- proper professional supports, perhaps in the shape of bi-monthly facilitated cluster meetings (day long with sub-cover) to allow principals time, space and access to experts to discuss professional matters and build their own leadership capacity and expertise (as per the DES framework). These meetings could be provided by the CSL in local education centres.
- direct and timely access to expert advice particularly when it comes to drawing up policy and procedures to implement DES circulars or government legislation.
In addition to the above, teaching principals immediately need at least 1 day per week release time, increasing over 3 years to 6 days per month* and any teaching principal agreeing to open a special class or an autism class/unit should automatically gain the status of administrative principal.
Teacher supply panels
*The establishment of fully resourced teacher supply panels is critical to support the effective management of release days. Initially, one teacher per every five schools could be established. However, this number could be increased given the falling pupil numbers and the knock on loss of teachers and the panel could extend to covering sick leave, CPD leave, support meeting days etc. Indeed, we could aspire to a system whereby a teacher is allocated all schools with teaching principals for 2/3/4 days per week depending on pupil/staffing numbers so all absences are covered and the stress of trying to find a sub at 8 o’clock in the morning removed.
Step down facility
A step down facility needs to be negotiated to allow principals, for whatever reason, to step down from the role and return to the classroom or take up another opportuity. It may not always be able to step down into their own school but given our redeployment panels there is already a mechanism in place that can offer an immediate solution.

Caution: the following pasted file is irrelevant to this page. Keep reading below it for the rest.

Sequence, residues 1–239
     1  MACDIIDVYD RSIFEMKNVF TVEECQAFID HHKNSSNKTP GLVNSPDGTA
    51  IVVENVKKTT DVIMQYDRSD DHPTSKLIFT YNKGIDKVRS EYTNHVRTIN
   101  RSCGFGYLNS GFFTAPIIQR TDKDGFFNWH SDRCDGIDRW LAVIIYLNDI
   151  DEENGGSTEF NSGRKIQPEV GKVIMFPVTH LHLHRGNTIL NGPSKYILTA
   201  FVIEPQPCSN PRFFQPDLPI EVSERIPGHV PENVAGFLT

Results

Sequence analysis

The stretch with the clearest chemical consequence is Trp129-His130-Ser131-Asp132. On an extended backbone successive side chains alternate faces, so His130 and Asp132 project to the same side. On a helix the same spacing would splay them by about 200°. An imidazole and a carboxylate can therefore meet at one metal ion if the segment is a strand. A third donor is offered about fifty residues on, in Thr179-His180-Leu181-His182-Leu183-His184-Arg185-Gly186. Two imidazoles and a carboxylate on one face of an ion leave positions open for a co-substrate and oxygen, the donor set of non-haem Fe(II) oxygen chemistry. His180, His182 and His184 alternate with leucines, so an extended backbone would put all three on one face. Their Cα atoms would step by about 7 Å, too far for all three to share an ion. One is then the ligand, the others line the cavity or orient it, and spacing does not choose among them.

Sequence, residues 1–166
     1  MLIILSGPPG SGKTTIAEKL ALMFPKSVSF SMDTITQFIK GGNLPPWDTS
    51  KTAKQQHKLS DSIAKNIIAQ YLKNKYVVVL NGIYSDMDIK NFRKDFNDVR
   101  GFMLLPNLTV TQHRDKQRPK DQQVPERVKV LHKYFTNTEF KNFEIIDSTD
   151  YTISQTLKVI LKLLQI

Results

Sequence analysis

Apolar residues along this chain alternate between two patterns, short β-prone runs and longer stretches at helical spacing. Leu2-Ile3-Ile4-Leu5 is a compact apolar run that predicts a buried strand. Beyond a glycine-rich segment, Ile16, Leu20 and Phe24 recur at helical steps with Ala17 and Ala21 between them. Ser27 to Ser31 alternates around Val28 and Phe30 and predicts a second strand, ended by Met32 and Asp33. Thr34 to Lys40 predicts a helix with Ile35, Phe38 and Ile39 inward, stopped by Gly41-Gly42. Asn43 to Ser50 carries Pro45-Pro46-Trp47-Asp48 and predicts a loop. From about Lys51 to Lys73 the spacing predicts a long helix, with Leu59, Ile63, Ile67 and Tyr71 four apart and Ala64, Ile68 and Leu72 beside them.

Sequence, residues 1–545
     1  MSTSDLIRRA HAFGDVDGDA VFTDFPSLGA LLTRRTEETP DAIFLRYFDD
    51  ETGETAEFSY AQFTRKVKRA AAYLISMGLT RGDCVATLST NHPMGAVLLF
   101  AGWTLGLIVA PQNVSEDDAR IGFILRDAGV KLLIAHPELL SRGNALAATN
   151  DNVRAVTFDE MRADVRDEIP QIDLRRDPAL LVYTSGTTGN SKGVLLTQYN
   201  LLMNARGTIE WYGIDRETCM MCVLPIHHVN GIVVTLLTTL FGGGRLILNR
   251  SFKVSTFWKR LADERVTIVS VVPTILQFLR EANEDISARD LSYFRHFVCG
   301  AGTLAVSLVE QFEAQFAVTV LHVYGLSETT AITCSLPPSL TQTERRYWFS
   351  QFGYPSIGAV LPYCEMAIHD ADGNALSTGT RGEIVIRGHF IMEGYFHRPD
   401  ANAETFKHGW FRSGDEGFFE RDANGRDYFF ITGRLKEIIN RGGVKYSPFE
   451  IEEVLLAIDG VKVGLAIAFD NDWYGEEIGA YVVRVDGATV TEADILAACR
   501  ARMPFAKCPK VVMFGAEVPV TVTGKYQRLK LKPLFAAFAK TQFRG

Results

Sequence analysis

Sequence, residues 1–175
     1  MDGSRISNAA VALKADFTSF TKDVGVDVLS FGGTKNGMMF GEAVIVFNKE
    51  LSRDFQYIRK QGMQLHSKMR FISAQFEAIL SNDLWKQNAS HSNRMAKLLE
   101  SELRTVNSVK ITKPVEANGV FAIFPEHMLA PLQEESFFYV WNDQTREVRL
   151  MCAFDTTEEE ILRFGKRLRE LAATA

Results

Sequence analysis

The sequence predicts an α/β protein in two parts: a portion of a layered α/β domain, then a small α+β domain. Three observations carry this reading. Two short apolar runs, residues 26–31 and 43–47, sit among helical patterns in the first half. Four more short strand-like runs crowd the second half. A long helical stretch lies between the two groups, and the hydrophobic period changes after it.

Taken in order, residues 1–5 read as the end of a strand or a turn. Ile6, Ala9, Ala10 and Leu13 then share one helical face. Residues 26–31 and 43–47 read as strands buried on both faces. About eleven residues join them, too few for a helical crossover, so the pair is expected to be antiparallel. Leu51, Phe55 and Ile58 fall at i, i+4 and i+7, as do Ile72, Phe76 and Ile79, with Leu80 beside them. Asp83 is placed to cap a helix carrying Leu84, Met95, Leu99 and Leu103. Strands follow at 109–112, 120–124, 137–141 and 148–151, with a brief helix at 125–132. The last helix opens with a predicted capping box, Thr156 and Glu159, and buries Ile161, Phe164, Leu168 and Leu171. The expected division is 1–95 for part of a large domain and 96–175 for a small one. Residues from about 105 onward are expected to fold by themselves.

Pay and recompense
It could be argued that the current approach to principal recompense is outdated. It does not take account of all staff nor does it provide an adequate baseline salary scale for a leadership role that assumes responsibility for leading teaching and learning, managing the ‘organisation’, leading school development and developing leadership capacity . While it is imperative that the outstanding Benchmarking payment must achieved alongside the full restoration of pay inequality, the idea of a separate salary scale for the role of principal may be worth exploring – this scale could combine a core salary with an banded allowance that acknowledges full (teachers, SNAs, secretary, caretaker) staffing numbers. In addition to this, a teaching allowance for those principals who juggle leading and teaching needs to be considered.
Achieving the above
Lobbying our politicians on the above should be ongoing. However, the first formal step to achieving real progress on better supporting our school leadership is to sit down with principals – the INTO Principal and Deputy Principal Committee, Principal and Deputy Principal Fora Officers and working principals across the country who want to contribute and come to a consensus on a vision for school leadership.
The second formal step is working with our CEC to submit a strong demanding motion to INTO Congress and encourage as many branches as possible not only to do the same but to prioritise these motions to enable it get on the Congress order paper. Passing such a motion would formally place the realisation of an agreed vision for school leadership as an INTO priority.
Then, its a matter of developing a coherent, collective and collaborative campaigning strategy, incorporating all INTO members, parents and the wider school community to realise the vision – providing and presenting evidence based research demonstrating the need for the vision to be realised, seeking the support and buy-in of those in business and other influential sectors as well as lobbying those in power.
I’m committed to realsing this vision and working with all principals because I believe it’s fair and right and it’s in the interest of all INTO members and the children we teach.